Vive la difference
I've received fascinating letters in response to today's treeware column, about what would happen if men lived without women, and women without men. Triggered by CBC-TV's reality show The Week the Women Went, it was a reflection on the speculative situation set up by Philip Wylie (Generation of Vipers), whose work is credited with inspiring both the Superman and Spider-Man characters.
Imagine a world suddenly – very suddenly – without men.
Planes would drop out of the sky as pilots disappeared. Cities would grow cold and dark as power generators stopped. No fire trucks would come to deal with the inevitable disasters. Legislatures would empty. Wars would end.
Now imagine the flip side.
Babies would fall out of vanished mother's arms. Things would get dirty and dusty. Men would eat out of cans. Liquor stores and bars would be booming. Drag queens would always have dates.
In the short term, women would suffer.
But, in the long run, men would turn on each other.
These were the parallel worlds that Philip Wylie described in his 1951 what-if book, The Disappearance. For protagonist Bill Gaunt, a university professor, in one instant his educated stay-at-home wife Paula vanishes, along with their daughter, granddaughter and housemaid.
He scarcely notices, at first.
For Paula, after Bill vanishes, the effect is immediate. A driverless car smashes into the front of the house – and nobody comes to help.
Two years later, the women's world is under control whereas the men's, despite its distinct physical advantage, descends into deadly conflict and chaos.
The book is long, wordy, perhaps over-written. But to me, back in 1974 or 1975 when I found it at the St. Clair branch of the Toronto Public Library, utterly compelling, especially as my feminism was being formed.
(Lots of excerpts here.)
At the time, I was sharing digs with two guys, one of whom would become my first husband. I so raved about the book that they ended up reading it as well.
They were not impressed, not at all.
At the time, I felt stupid -- a lightweight -- for liking a book so much that they found florid and ridiculous. Now I know better. Much better.
Since then, I have read many great books, most of them forgotten. But I have will ALWAYS remember The Disappearance, although I have not re-read it in or even seen it in some 34 years.
Seems I am not alone. So far today, I have received more than two dozen emails from women who remember the book very well. I have invited them to read this blog entry and post a comment if they like.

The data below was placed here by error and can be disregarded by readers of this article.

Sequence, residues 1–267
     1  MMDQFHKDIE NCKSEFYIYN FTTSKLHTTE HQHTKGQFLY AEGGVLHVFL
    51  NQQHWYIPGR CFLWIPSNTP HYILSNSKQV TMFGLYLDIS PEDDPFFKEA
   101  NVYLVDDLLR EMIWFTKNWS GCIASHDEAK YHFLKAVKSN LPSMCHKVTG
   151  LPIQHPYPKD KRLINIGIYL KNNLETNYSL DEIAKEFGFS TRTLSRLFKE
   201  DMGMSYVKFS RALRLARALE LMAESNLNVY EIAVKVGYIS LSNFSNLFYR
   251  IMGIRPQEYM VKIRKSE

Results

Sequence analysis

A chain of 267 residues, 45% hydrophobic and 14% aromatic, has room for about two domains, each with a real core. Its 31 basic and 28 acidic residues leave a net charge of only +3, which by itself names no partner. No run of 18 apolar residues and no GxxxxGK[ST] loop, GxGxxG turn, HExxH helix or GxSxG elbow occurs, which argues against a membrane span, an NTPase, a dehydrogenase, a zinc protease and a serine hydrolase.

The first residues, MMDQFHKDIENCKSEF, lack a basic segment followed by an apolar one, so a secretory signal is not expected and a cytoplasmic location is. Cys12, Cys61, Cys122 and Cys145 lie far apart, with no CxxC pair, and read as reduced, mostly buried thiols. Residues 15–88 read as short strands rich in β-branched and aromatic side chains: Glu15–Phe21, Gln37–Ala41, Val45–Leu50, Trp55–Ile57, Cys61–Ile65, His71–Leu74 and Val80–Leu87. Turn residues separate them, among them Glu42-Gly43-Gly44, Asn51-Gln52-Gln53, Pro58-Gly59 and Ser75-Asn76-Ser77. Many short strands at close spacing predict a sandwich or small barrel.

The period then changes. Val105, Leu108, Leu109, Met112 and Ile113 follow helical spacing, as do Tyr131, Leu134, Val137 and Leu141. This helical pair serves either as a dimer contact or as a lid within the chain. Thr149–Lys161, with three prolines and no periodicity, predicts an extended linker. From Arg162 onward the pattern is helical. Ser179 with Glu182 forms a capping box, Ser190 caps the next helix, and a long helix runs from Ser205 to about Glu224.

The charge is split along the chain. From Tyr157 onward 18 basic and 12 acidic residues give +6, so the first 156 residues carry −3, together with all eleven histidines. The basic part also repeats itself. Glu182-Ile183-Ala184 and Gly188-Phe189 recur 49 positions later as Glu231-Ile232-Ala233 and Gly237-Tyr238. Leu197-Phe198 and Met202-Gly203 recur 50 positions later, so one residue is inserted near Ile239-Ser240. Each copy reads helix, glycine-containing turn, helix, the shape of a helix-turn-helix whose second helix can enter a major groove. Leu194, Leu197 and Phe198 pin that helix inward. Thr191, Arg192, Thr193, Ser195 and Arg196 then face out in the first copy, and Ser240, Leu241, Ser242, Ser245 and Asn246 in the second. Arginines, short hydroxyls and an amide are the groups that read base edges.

I don't know for sure if what Wylie described would come to pass, whether a world without men would be better than one without women. They certainly would be very different places, that's for sure.
Men would be more competitive, more driven to win, I think. Women would get organized. I base this on our essential make-ups, rooted way back in prehistory when women had to co-operate back the home cave to stay safe and raise babies while men were out hunting or fighting off enemies. It's true you have to be organized to do that but in a more hierarchical, almost pack way.
That's my half-baked socio-anthropological theory anyway, and I'm sticking to it.
That said, I totally get what one mail reader wrote to me in an email today:
While I agree that it is a woman’s influence that keeps some men “in line”, it is also true that some women would be lost without the support and peace of mind of being with “their man”.
That is no doubt true for many women (and vice versa). But women, I think, are far more adept at finding nurturing and support from other women and are more likely to survive being on their own than a man with no comparable network.
I know that, as a woman on my own, I can pick up the phone and talk to any number of friends, (female) cousins and sisters about what really really matters. If I need help, they are there with advice, a sympathetic ear, a hug, a shoulder to cry on.
Do men do the same for each other? I am not so sure. Otherwise, why would so many men tell me that they prefer talking to women than men?
As for women on their own coping with wet basements and cars that won't start, well, it's nice to have a guy around to take care of that stuff but we girls ain't stupid. We can cope if we decide we can. I know that from personal experience.
That said, it's nice to have a man around to hold you, love you and make you feel protected. I have to admit that it's even better if he can replace your dimmer switch, swap out your old laundry room sink and taps and shovel your snow.
I am lucky that I have the best of both worlds, one filled with many wonderful women (and male friends, for that matter) and one private one with a special man.